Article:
Can I recant on a written statement since I made a verbal one in court?

UPDATED: Oct 1, 2022

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Can I recant on a written statement since I made a verbal one in court?

I’m the victim and only witness in a domestic violence case. my car was shot and my husband is being charged with it. The written statement given that day by me says he did it. After that day I went to court and told the judge that he did not do it. I gave a verbal testimony in court saying he did not do it. Can I make the written statement go away now?

Asked on December 29, 2017 under Criminal Law, Florida


M.D., Member, California and New York Bar / FreeAdvice Contributing Attorney

Answered 4 years ago | Contributor

Your situation is very common inthese type cases; victims of domestic violence frequently recant their statements. However, if there is other evidence to support a conviction, then the state will move forward with the case. It is up to the prosecutor, not the victim, to drop the charges. Further, most states now have mandatory arrest policies which means that if there is a call placed and a domestic violence allegation is made, the police have to make an arrest. Additionally, many times when a witness takes the stand and attempts to dispute that any violence actualy occurred, the prosecutor can intrioduce conflicting evidence, such as the victim's own previous statements.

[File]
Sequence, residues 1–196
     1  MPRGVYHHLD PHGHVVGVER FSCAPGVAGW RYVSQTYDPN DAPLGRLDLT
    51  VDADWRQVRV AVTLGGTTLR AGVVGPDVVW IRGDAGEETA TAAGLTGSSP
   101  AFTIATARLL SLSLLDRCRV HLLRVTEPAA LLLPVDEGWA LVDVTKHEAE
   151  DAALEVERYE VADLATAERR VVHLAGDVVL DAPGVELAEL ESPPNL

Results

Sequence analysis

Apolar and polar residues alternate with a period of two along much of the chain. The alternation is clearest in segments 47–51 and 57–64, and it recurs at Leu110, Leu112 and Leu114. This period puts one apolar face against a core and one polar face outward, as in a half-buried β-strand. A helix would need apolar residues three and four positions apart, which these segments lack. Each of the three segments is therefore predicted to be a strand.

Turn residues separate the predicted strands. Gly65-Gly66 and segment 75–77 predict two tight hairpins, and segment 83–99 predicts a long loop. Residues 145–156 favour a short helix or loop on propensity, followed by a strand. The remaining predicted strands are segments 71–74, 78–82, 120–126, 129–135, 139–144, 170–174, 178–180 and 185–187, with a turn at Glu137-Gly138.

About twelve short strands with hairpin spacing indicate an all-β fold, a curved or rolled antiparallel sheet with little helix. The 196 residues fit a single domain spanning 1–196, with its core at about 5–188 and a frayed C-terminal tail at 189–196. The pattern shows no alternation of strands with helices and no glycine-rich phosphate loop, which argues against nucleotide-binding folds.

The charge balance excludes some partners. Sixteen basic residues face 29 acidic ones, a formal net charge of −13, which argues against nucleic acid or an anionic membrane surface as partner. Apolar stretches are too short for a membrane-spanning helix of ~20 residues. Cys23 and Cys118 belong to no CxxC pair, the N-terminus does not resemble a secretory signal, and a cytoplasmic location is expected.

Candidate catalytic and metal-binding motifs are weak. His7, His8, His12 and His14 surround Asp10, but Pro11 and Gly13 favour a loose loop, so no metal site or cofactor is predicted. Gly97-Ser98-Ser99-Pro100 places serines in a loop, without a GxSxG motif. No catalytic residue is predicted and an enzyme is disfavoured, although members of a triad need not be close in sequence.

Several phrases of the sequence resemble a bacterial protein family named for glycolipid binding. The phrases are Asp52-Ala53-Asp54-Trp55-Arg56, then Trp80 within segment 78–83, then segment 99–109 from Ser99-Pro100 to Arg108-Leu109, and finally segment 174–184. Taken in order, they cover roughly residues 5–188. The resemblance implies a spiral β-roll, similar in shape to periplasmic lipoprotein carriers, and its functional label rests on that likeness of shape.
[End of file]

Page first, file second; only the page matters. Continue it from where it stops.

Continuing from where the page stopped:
IMPORTANT NOTICE: The Answer(s) provided above are for general information only. The attorney providing the answer was not serving as the attorney for the person submitting the question or in any attorney-client relationship with such person. Laws may vary from state to state, and sometimes change. Tiny variations in the facts, or a fact not set forth in a question, often can change a legal outcome or an attorney's conclusion. Although has verified the attorney was admitted to practice law in at least one jurisdiction, he or she may not be authorized to practice law in the jurisdiction referred to in the question, nor is he or she necessarily experienced in the area of the law involved. Unlike the information in the Answer(s) above, upon which you should NOT rely, for personal advice you can rely upon we suggest you retain an attorney to represent you.

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